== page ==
What made the "Modjokuto Project," as we decided to call it in the usual, unavailing effort to disguise identities ("Modjokuto" means "Middletown," a conceit I was dubious of then and have grown no fonder of since), particularly disruptive of accepted phrasings and standard procedures was that it was, if not the first, surely one of the earliest and most self-conscious efforts on the part of anthropologists to take on not a tribal group, an island settlement, a disappeared society, a relic people, nor even a set-off, bounded small community of herders or peasants, but a whole, ancient and inhomogeneous, urbanized, literate, and politically active society—a civilization, no less—and to do so not in some reconstructed, smoothed-out "ethnographical present" in which everything could be fitted to everything else in just-so timelessness, but in all its ragged presence and historicity. A folly perhaps; but if so, it is one that has been succeeded by a stream of others that has rendered a vision of culture designed for the (supposedly) seclusive Hopi, primordial Aborigines, or castaway Pygmies futile and obsolete. Whatever Java was, or Indonesia, or Modjokuto, or later, when I got there, Morocco, it wasn't "a totality of behavior patterns ... lodged in [a] group," to quote one of those lapidary definitions from the Kroeber-Kluckhohn volume.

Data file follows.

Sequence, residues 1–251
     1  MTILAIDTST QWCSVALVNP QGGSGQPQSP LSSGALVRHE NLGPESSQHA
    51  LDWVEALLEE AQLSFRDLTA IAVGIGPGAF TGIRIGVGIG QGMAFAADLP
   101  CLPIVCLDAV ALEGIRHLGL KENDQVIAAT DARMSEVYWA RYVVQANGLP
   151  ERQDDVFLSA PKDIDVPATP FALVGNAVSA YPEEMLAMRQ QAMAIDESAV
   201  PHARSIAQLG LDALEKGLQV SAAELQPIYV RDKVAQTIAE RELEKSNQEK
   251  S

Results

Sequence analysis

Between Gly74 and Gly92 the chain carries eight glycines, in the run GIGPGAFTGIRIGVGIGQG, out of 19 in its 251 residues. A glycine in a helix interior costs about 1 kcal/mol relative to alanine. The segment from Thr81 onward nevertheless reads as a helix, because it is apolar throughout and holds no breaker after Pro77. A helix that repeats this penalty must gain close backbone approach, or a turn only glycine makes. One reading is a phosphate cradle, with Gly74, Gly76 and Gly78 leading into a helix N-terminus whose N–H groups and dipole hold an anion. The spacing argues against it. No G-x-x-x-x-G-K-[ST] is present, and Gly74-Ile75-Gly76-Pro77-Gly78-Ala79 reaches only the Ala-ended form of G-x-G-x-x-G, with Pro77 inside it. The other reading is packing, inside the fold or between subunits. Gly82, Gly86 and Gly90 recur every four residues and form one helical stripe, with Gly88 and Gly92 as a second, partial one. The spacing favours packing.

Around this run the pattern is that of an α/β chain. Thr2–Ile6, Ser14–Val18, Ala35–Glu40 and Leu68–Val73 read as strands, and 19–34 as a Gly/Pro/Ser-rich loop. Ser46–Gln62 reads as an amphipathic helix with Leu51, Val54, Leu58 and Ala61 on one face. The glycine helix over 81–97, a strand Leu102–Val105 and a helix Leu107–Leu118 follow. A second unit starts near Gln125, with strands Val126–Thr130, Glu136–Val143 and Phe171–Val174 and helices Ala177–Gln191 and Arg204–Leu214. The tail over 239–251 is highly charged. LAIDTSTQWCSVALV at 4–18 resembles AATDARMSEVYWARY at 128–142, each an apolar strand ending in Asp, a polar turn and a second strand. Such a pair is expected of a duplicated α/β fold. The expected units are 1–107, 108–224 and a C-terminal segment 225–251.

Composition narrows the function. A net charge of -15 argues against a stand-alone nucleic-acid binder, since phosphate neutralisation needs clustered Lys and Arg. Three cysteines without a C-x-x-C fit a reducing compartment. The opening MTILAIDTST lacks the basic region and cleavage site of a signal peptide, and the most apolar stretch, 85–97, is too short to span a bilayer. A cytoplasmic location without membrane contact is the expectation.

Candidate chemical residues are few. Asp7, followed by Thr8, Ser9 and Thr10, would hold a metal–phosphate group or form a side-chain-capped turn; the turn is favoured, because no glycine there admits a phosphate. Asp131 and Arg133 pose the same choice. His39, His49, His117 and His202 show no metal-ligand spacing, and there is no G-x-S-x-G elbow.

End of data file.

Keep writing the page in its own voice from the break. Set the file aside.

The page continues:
The years in Modjokuto, both then and later as I kept returning, struggling to keep up with things, turned out not to consist of locating bits of Javanese culture deemed "religious," marking them off from other bits called, no more helpfully, "secular," and subjecting the whole to functional analysis: "Religion" holds society together, sustains values, maintains morale, keeps public conduct in order, mystifies power, rationalizes inequality, justifies unjust deserts, and so on—the reigning paradigm, then and since. It turned out to be a matter of gaining a degree of familiarity (one never gets more than that) with the symbolic contrivances by means of which individuals imagined themselves as persons, as actors, sufferers, knowers, judges, as, to introduce the exposing phrase, participants in a form of life. It was these contrivances, carriers of meaning and bestowers of significance (communal feasts, shadowplays, Friday prayers, marriage closings, political rallies, mystical disciplines, popular dramas, court dances, exorcisms, Ramadan, rice plantings, burials, folk tales, inheritance laws), that enabled the imaginings and actualized them, that rendered them public, discussable, and, most consequentially, susceptible of being critiqued and fought over, on occasion revised. What had begun as a survey of (this has to be in quotes) "the role of ritual and belief in society," a sort of comparative mechanics, changed as the plot thickened and I was caught up in it, into a study of a particular instance of meaning-making and the complexities that attended it.